“A Beautiful Day in the Neighborhood” Trailer: 5 Moments Taken From Real Life
The trailer for the new biopic shows a number of real-life Mister Rogers moments recreated for the screen.
The trailer for the upcoming Mister Rogers biopic A Beautiful Day in The Neighborhood dropped today and it’s stirring up a lot of emotion and nostalgia. The film, which stars Tom Hanks as Mister Rogers and releases this Thanksgiving, frames the life and times of Fred Rogers through an interview with a jaded magazine journalist played by Matthew Rhys and is based off a real-life magazine profile written about the icon. The movie is based on a true-life story and, as the filmmakers seem to be about as much verisimilitude as possible — the portions of the movie that take place on the Mister Rogers’ Neighborhood set were filmed on the actual Pittsburgh set, with the stage meticulously recreated by the crew — there are many scenes in the trailer based on actual life. Here are some of our favorites.
Matthew Rhys of The Americans is seen interviewing Hanks’ Mister Rogers in the trailer. That’s because the film is based off a magazine feature by prolific writer Tom Junod titled “Can You Say Hero?” and published in Esquire in 1998. It’s the definitive profile of Rogers, a tender, moving piece in which Junod is won over by the genuine charm and philosophy of Rogers. The character in the film is based off a fictionalized version of Junod.
Mister Rogers loved swimming. It was his preferred exercise and, as this Los Angeles Times article makes clear, he was in the pool nearly every morning between 7 and 830, doing laps for 20-25 minutes. It’s no surprise that, in the trailer, Mister Rogers is seen swimming at his favorite pool for a brief moment. That pool is featured both in Won’t You Be My Neighbor?, the documentary that was released in 2018, as well as in episode 1493 of Mister Rogers’ Neighborhood titled “Mister Rogers Talks About Discipline.”
The Subway Seranade
During the trailer, there’s a scene of Mister Rogers being sung to by a number of passengers. This anecdote was taken directly out of Junod’s profile. Here’s the passage:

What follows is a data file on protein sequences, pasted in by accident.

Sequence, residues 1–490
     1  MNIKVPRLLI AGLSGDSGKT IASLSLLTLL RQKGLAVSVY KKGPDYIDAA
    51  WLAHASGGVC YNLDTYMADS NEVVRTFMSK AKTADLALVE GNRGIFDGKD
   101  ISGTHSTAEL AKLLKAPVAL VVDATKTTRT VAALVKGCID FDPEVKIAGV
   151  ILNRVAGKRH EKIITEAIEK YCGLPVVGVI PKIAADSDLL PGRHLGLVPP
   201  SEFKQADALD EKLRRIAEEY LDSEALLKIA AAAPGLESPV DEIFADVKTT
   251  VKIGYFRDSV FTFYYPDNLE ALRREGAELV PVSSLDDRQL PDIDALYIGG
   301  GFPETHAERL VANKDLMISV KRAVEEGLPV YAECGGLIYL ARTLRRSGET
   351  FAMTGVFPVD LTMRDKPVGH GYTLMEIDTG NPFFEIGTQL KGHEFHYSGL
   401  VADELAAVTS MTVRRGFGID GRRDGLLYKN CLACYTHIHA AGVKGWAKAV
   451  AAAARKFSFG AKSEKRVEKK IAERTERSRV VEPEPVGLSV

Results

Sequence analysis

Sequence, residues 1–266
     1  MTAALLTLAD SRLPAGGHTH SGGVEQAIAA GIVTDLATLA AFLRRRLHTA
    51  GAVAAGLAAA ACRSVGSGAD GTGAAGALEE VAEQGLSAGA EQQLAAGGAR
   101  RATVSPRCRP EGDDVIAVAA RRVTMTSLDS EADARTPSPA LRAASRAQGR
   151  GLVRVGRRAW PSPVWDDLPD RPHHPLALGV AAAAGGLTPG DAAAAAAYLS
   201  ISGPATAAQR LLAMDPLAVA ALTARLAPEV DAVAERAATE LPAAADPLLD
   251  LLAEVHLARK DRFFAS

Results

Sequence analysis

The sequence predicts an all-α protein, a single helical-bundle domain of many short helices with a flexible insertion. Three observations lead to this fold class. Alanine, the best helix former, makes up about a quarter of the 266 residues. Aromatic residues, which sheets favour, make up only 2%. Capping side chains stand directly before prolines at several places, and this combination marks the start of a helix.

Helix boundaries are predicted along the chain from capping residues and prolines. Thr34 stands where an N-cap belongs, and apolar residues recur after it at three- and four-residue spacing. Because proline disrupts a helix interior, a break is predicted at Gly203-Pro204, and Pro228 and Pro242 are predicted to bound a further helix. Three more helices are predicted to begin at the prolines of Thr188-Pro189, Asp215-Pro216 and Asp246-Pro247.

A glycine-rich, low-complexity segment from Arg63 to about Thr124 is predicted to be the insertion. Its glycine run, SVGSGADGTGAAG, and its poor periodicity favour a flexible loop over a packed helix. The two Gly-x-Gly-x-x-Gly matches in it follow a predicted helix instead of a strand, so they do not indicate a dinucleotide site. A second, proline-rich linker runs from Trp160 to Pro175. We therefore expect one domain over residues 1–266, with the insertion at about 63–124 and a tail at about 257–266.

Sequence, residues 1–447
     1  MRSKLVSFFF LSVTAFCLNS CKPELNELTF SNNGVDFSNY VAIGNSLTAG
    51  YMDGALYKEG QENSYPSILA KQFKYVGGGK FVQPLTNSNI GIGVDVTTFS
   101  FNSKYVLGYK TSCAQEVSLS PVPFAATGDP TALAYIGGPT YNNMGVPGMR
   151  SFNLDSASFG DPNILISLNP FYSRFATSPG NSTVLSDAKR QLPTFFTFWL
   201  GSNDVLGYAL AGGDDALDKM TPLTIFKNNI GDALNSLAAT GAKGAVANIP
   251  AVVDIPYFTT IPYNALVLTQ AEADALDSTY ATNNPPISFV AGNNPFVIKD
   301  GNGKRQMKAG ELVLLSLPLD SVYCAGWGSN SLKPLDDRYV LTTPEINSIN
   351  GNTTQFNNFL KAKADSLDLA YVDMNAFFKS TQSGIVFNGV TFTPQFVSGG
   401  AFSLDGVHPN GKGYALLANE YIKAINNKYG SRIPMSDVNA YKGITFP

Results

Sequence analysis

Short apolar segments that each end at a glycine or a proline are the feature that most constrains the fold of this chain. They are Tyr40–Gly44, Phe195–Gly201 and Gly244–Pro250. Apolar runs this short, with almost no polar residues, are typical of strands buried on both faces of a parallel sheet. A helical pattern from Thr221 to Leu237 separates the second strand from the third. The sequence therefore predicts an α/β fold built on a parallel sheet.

Once upon a time, Mister Rogers went to New York City and got caught in the rain. He didn’t have an umbrella, and he couldn’t find a taxi, either, so he ducked with a friend into the subway and got on one of the trains. It was late in the day, and the train was crowded with children who were going home from school. Though of all races, the schoolchildren were mostly black and Latino, and they didn’t even approach Mister Rogers and ask him for his autograph. They just sang. They sang, all at once, all together, the song he sings at the start of his program, “Won’t You Be My Neighbor?” and turned the clattering train into a single soft, runaway choir.
The Tent Scene
At one point in the trailer, Mister Rogers is seen doing something most of us have done one time or another: struggling to pitch a tent. This is taken directly from an unaired episode of Mister Rogers’ Neighborhood the clip of which can be found online. Amidst audience laughter, Rogers calmly tries (and fails) to set up the teepee-style tent, trying to press down on the poles only to see them bend stubbornly. Rogers banters with the audience and giggles to himself as it happens, proving that he really did have priestly patience.
The Child with the Oxygen Tank
One of most iconic episodes of Mister Rogers’ Neighborhood was when he brought on a child who used a wheelchair named Jeff Erlanger to talk about his experience and explain why he’s just like other kids. The two had a real-life friendship: About five years earlier, Erlinger asked to meet Rogers for a Make-A-Wish request. Erlanger’s parents contacted Rogers and, after his appearance on the episode, the two became lifelong friends. Later on, when Mister Rogers had a show on electric vehicles, he brought Jeff back on the show because of his electric wheelchair, and even improvised a song about Jeff. While what we see in the trailer is the briefest glimpse of a kid with an oxygen tank, this seems to be a recreation of this iconic television moment.
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